Scorching days have arrived! All but the hardiest of us wilt when outdoor temperatures hit the 90s and 100s, and we seek refuge in air-conditioned places or in water-cooled outdoor areas. Plants don’t have that luxury; they’re literally rooted where they are, and they sometimes need our help to deal with the Central Valley sunlight and heat.
Summer weather can damage plants by stripping them of the moisture they need or by exposing them to more heat or light than they’re adapted to handle. Higher than usual air temperatures, intense light, and overheated or too-dry soil can harm a plant’s leaves, stems, and roots. Wind can further worsen the effects of hot air.
Like humans, plants rely on water partly to cool themselves: we sweat, plants “transpire.” Transpiration is the process by which plants absorb water through their roots, move this water upward through the part of their vascular system called xylem, then lose this water through tiny pores called stomata on the leaf surfaces. The transpiration rate rises in hot temperatures; a plant’s water loss generally doubles with every 18-degree increase.
Plant species vary in the amount of water they need to resist heat and maintain good health (hence their classification as low, medium, or high water use). New plant growth, tender seedlings, fruits and vegetables, and cool-season annuals are particularly susceptible to sun-related damage.
Plants exhibit different levels of heat damage, and it’s important to know the distinction. Wilting is the drooping or shriveling of plant tissues that occurs when they lack sufficient water; it’s reversible if plants are watered in time. (Large-leaved plants will usually wilt a little during peak daytime heat even with adequate water, but will recover when temperatures cool.) Heat stress is when plants begin to suffer irreversible heat-related damage; at this stage, some plants will try to conserve water by dropping leaves or buds. Sunburn (or “leaf scorch”) is when a plant’s leaves or non-woody parts are permanently and severely harmed by excessive heat or sunlight; leaves develop dried brown patches or margins and they eventually wither and fall off. Sunscald is the cracking, discoloration, and warping of bark that occurs when the trunk or branches of a woody plant get too much sun exposure; the damage is permanent and very harmful since it increases the plant’s disease susceptibility.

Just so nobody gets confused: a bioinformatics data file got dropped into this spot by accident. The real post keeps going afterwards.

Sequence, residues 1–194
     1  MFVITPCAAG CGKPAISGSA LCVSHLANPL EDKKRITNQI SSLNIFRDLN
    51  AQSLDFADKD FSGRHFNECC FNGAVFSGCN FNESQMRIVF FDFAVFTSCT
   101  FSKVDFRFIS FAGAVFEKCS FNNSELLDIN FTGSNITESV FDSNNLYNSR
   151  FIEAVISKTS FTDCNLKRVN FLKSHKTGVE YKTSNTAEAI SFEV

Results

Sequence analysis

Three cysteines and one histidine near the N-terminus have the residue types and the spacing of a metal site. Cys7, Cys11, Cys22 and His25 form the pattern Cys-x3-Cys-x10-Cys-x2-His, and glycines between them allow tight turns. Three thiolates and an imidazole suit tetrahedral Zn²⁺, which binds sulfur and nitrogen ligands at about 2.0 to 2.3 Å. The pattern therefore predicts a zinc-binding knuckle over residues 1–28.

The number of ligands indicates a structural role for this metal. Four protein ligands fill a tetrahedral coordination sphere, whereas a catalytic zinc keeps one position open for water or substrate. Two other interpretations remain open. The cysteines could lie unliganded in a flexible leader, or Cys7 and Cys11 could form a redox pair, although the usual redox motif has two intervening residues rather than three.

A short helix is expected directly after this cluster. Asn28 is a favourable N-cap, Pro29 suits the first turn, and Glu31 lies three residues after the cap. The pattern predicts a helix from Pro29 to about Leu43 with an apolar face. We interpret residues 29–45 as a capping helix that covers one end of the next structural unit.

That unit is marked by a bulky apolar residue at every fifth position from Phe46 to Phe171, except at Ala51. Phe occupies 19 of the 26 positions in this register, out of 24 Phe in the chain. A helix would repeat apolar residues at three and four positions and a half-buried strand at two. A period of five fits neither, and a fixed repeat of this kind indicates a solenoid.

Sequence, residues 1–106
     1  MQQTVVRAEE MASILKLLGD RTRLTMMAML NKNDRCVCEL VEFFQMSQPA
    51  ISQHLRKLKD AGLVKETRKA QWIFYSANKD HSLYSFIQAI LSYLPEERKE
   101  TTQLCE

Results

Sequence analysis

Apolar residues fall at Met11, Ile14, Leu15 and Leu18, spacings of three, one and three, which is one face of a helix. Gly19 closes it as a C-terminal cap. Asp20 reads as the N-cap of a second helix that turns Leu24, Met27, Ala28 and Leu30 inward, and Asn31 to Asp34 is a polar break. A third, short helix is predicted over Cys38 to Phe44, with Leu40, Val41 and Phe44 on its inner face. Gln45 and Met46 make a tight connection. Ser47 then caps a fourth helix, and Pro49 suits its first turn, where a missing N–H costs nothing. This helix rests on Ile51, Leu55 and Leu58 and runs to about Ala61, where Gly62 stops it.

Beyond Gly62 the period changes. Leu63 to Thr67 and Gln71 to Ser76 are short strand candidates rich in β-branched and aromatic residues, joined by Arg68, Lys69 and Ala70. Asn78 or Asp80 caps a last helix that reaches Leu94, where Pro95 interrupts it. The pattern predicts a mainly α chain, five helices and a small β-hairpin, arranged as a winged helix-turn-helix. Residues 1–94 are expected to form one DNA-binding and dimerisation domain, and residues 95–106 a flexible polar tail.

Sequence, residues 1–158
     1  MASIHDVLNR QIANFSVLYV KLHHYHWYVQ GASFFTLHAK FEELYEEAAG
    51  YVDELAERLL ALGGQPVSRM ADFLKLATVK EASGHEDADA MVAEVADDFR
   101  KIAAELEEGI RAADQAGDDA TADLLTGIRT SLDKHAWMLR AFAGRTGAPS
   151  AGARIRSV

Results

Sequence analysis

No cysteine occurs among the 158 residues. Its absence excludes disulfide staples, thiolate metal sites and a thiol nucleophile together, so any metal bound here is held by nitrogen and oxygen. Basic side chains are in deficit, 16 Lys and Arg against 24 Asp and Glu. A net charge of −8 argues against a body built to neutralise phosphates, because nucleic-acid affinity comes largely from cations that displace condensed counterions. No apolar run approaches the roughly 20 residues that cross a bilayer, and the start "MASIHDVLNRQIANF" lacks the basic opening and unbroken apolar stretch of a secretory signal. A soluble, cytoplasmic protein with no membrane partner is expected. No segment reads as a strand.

Follow these simple guidelines to minimize heat damage:
- Conserve soil moisture and protect plant roots from excessive heat by covering bare ground with a 2- to 4-inch-thick layer of organic mulch—wood chips, shredded bark, leaves.
- Don’t place inorganic mulches—sand, pebbles, rocks, shredded rubber—or black-tinted mulch near plants in sunny locations (with the exception of desert-adapted plants), because these materials collect and radiate heat.
- Follow the principle of “right plant, right place.” Select plants adapted to our Mediterranean climate and choose planting locations with proper exposure. (No shade-loving plants in full sun!)
- Don’t heavily prune trees and shrubs in summer, because this can suddenly expose tender bark to the sun’s intense rays. It also encourages a flush of heat-sensitive new growth and places additional energy and water demands upon heat-stressed plants.
- Avoid planting during peak summer heat; this stresses plants and compromises their chances of successful establishment. Delay planting until fall, or (if you must plant this season) wait until a cooler spell, plant in the evening, and water deeply after planting.
- Keep potted plants well watered and (if possible) move them to shadier locations. Use light-colored or plastic containers, which absorb and transmit less heat than dark-colored containers or those made of ceramic, cement, or metal. Hydrogels (water-retaining polymer granules) can be mixed into potting soil to help hold moisture.
- Whitewash trunks of young trees to help prevent sunscald. Mix equal parts water and white interior latex paint, then apply it from 1 inch below ground to at least 2 feet above ground.
- Use strategically placed shade cloth to shelter plants.
- Ensure that plants receive appropriate and consistent levels of water, and check irrigation systems for proper operation. Do this yourself, or enlist the services of a Qualified Water Efficient Landscaper (www.qwel.net).
Just in case you’re wondering, it’s a myth that water droplets act as miniature magnifying glasses and burn leaves. Overhead watering generally should be avoided for water conservation and disease prevention purposes. . . but sometimes wilting plants (like us!) appreciate a cool sprinkling on a hot summer day.